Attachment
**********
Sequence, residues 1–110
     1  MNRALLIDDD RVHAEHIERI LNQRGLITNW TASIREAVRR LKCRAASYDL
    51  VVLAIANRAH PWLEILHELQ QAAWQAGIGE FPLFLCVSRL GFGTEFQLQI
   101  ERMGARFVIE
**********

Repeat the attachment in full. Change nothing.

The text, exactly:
Sequence, residues 1–110
     1  MNRALLIDDD RVHAEHIERI LNQRGLITNW TASIREAVRR LKCRAASYDL
    51  VVLAIANRAH PWLEILHELQ QAAWQAGIGE FPLFLCVSRL GFGTEFQLQI
   101  ERMGARFVIE